Monday, September 28, 2015

Which $3000 camera should you buy - Sony A7s II or URSA Mini 4K?

Over the past couple of years, as Sony has introduced more and more capable full frame video cameras in still camera bodies - and as Blackmagic Design has driven the price of 12-bit RAW Super 35 cinema cameras downward - shooters have had an increasingly difficult time deciding whether to buy a high end hybrid camera or a RAW-capable budget cinema camera.

Still/video hybrid cameras have had the advantage that they are relatively light and can do double duty as still cameras. And although their highly compressed codecs and 8-bit color spaces aren't the greatest for grading, LOG profiles and increasingly clever compression algorithms have made up for these shortcomings (especially on the small screens where most content is displayed).

One thing they haven't been able to overcome, however, has been the inherent limitations of the still camera form factor. There isn't the volume to fit XLR input jacks or dual card slots - and shooters generally need to spend extra money on cages for these cameras to mount accessories - plus ungainly shoulder rigs for steady handheld shooting.

But low-budget cinema cameras have had their problems too. Early cameras from Blackmagic didn't have XLR inputs. Nor did they have dual card slots or ergonomics that were conducive to shoulder mounting. And, although the 2013-era Blackmagic Production Camera 4K was a bargain compared to a 4K Super 35 camera from Sony or Canon, it was still expensive (and an ergonomic disaster) when compared to a standard mirrorless still/video hybrid camera - which was typically less than $2000 and had interchangeable batteries, a usable viewfinder and was easier to operate than the BMPC 4K..

This year, however, something has happened that changes the conversation. The two trends have finally met in the middle - with the introduction of the new Sony A7s II (street price $2998) and the $2995 Blackmagic URSA Mini 4K (both likely to ship in October).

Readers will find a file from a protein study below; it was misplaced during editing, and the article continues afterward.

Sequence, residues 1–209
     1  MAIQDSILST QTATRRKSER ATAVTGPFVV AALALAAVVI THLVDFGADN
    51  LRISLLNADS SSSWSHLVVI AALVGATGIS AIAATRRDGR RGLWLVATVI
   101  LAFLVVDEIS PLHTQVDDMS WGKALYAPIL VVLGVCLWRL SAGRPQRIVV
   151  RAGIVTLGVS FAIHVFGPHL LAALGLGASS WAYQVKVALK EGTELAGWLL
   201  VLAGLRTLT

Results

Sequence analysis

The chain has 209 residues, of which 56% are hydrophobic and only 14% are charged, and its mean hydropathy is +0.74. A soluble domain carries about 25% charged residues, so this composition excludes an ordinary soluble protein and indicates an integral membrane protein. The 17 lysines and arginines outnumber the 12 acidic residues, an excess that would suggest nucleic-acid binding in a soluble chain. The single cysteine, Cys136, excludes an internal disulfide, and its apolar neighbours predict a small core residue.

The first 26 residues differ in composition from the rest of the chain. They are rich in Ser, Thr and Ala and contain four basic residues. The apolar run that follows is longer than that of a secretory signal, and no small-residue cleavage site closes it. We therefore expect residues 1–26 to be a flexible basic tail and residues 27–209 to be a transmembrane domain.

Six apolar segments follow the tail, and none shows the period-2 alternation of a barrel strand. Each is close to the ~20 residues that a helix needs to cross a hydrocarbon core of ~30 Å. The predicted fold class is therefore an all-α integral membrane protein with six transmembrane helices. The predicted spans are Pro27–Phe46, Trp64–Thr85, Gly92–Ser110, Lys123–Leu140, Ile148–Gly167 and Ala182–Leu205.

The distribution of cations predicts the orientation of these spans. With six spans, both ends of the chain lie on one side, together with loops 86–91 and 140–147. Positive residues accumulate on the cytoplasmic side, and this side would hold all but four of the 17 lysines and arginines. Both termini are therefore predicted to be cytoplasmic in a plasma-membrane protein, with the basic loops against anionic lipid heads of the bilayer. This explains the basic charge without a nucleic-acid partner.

Both cameras are relatively lightweight, with decent ergonomics and the ability to record high quality UHD to LOG profiles.  Both cameras have already shown they can create cinematic Super 35 (URSA Mini) or full frame (A7s) motion images.

With body-only prices at just less than $3000, these cameras seem to be similarly priced.  But neither is really ready to take out on a shoot straight out of the box.

This begs the question - once these cameras are rigged up and ready to shoot - are they still price competitive?

To help the typical DSLR or mirrorless shooter looking to upgrade to one of these two cameras, HCR has put together two charts, the first comparing upgrade prices for the typical DSLR upgrader and the second comparing specs.

For the sake of argument, we'll assume that this 'typical' upgrader already has Canon EF lenses and an HDMI EVF (or plans to use the Sony's built-in EVF) - but needs an audio solution and a new cage/shoulder rig compatible with the A7s II. Of course, these assumptions won't be true for everyone, but we have to start somewhere.

Upgrade Price Comparison

For handheld work, URSA Mini needs a battery plate, a battery, the URSA Mini shoulder kit and relatively expensive CFast 2.0 cards, at a minimum, to get started - while the A7s II needs (assuming we want in-camera pro sound and compatibility with EF lenses) an XLR adapter/preamp, a U3 SDXC card, an EF to NEX adapter and a shoulder rig of some kind. Let's run the numbers and see how that prices out:

Mini 4K EF A7s II
Body Only Price$2995$2998